What Is Your “Core”?

What Is Your “Core”?

March 13, 2017

We often hear the word core in terms of fitness and health.  The phrase “engage your core” is often said in exercise classes.  But does everyone know what that means?  Is it sucking in your gut? Well, not really.  I think this is another example of a phrase we hear, but don’t actually fully understand.  Similar to the ever popular “do your Kegels” phrase.  Again, most people don’t fully comprehend what that is exactly.

So I will do my part in educating my wonderful blog reading friends about the CORE.

The core is made primarily up of 4 separate muscles.

1.   Transversus abdominus

2.   Multifidus

3.   Pelvic floor

4.   diaphragm

 Together, these 4 muscles surround the intra-abdominal cavity and seal the pressure inside.  In fact, these muscles make up what can look like a sealed soda can.  

Like a sealed soda can, the core muscles work together to seal off the exits of the abdominal cavity. And, when the soda can is sealed, you and I know that it is pretty darn sturdy. So much, so that we would feel confidant in standing on it without fear of it collapsing. Is the strength of the aluminum the thing that keeps it strong? Nope. It is the sealed pressure inside.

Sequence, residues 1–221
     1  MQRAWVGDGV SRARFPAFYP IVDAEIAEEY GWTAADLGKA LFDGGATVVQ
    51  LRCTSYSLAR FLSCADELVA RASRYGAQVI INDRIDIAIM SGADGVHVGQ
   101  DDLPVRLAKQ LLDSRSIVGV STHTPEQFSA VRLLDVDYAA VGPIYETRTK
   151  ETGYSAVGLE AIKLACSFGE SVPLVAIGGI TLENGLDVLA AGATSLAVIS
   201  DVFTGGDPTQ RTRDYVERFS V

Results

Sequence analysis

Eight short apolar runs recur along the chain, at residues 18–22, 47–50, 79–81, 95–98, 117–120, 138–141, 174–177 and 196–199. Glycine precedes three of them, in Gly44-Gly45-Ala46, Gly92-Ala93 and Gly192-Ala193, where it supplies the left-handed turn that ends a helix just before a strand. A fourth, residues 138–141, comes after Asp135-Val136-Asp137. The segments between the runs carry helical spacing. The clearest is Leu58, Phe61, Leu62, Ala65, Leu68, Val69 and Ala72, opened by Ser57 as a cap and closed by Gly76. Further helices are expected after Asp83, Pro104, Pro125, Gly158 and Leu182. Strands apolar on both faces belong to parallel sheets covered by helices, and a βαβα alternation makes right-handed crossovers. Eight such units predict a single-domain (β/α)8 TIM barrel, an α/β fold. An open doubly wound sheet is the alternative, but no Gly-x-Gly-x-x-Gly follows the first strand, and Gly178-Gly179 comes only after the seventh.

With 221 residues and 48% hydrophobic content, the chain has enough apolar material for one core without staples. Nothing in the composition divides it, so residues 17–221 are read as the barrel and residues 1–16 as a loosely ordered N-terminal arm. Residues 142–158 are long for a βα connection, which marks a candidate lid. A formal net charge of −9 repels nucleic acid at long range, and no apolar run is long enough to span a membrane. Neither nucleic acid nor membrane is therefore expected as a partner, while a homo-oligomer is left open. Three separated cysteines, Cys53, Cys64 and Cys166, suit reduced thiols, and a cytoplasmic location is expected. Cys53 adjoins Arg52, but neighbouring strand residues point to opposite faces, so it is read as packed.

And when the core muscles do their job, they all play a role as a team, working minimal to moderately together.  None of them are designed to be hulky big muscles.  But when working as a team, are quite effective.

So What Do These Core Muscles Do Exactly?

 The core muscles seal the intra- abdominal pressure in order to stabilize the spine and pelvis.  This is HUGE.  Back pain is the SECOND leading cause of disability in the US.  What that means is that EVERYBODY needs to know what these muscles are, what they do, and HOW to use them.  The pelvic floor muscles? Yep.  Guys have them too.  

The second very important thing that these muscles when sealing the intra-abdominal pressure is to keep our openings closed when we need them to be.  That means preventing leaks from the bladder or bowels.  This includes holding back gas.  

When there is a major breakdown in sealing our pressures, there can be additional problems that can include hernias and prolapses.  We will leave the discussion of these issues for another blog post.


So if YOU or someone you know, has an issue with low back pain, leaky issues, hernias or prolapses, getting to know your core muscles is INCREDIBLY IMPORTANT. And if you have not guessed it already, sit-ups and crunches won’t help. Talk to me (a women’s health specialist PT) or a women’s health physical therapist in your area to learn just how to restore your core. This can make a HUGE difference in the quality of you or your family member’s life.

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